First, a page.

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Subspecialties Cataract, Basic & Translational Research, Business and Innovation

Cloudy with a Chance of Cataracts

What we do know: cataracts are extremely common; they can be present at birth in genetically predisposed individuals or develop later in life – the result of damage accumulated over time. What we do not know with any certainty: how and why they form. Until recently, the consensus was that defective or damaged crystallin proteins in the eye reacted with one another to form light-scattering aggregates – with α-crystallin proteins working against the process. However, while studying strains of mice with point mutations in α-, β-, or γ-crystallin proteins, a team at the Technical University of Munich has shown that this may not be the case. First, the investigation found that mutant proteins were unstable in vitro and appeared at lower levels in the lens than expected. What’s more, the healthy proteins in each mutant appeared to be the source of aggregates, leading the researchers to hypothesize that the ratio of crystallin proteins may be the key to cataract formation. Confirmation, perhaps, that balance is everything.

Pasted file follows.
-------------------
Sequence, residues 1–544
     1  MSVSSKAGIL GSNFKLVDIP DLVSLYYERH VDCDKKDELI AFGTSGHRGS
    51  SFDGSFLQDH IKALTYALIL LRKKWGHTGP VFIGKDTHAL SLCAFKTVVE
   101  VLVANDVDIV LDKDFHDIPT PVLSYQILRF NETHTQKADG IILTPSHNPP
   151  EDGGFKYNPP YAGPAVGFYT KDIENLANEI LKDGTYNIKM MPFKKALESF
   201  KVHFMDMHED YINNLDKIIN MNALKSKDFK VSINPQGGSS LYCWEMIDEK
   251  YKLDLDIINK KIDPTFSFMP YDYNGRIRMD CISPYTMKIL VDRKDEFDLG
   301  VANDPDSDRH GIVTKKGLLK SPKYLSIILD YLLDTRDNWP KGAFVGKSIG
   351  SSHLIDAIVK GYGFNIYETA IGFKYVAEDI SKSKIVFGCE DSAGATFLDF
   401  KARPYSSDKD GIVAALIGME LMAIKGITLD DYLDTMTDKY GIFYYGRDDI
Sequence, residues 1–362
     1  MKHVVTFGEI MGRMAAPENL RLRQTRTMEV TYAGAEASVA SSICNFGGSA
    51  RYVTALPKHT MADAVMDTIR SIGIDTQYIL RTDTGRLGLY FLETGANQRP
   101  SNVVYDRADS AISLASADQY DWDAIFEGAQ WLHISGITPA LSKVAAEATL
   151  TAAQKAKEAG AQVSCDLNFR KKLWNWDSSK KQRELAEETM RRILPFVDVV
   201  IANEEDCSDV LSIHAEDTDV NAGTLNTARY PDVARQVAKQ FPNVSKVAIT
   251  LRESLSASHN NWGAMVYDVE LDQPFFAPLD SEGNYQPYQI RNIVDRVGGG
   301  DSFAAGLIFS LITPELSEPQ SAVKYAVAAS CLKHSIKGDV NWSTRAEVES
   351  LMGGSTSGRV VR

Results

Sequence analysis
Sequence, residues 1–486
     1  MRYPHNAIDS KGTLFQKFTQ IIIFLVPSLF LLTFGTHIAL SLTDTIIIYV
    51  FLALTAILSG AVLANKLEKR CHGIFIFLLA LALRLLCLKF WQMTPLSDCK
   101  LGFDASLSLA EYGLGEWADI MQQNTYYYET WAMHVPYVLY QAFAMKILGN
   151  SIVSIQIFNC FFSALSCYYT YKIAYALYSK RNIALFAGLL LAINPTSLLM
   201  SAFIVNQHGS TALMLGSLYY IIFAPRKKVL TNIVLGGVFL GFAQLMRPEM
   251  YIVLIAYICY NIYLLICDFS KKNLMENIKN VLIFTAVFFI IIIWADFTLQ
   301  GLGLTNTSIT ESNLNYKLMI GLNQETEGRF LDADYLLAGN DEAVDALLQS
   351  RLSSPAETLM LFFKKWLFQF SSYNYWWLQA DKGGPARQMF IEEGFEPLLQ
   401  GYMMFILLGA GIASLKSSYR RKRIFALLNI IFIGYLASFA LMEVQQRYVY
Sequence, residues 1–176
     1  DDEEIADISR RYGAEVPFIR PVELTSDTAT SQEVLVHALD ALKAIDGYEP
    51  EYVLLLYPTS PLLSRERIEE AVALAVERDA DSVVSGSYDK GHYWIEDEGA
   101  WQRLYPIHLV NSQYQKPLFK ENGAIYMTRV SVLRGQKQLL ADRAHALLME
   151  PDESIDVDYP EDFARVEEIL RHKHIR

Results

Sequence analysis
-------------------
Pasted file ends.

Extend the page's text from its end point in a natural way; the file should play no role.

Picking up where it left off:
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  1. P Schmid et al., Nat Struct Mol Biol, 28, 143 (2021). PMID: 33432246.

About the Author

Phoebe Harkin

Associate Editor of The Ophthalmologist

I’ve always loved telling stories. So much so, I decided to make a job of it. I finished a Masters in Magazine Journalism and spent three years working as a creative copywriter before itchy feet sent me (back)packing. It took seven months and 13 countries, but I’m now happily settled on The Ophthalmologist, where I’m busy getting stuck into all things eyeballs.

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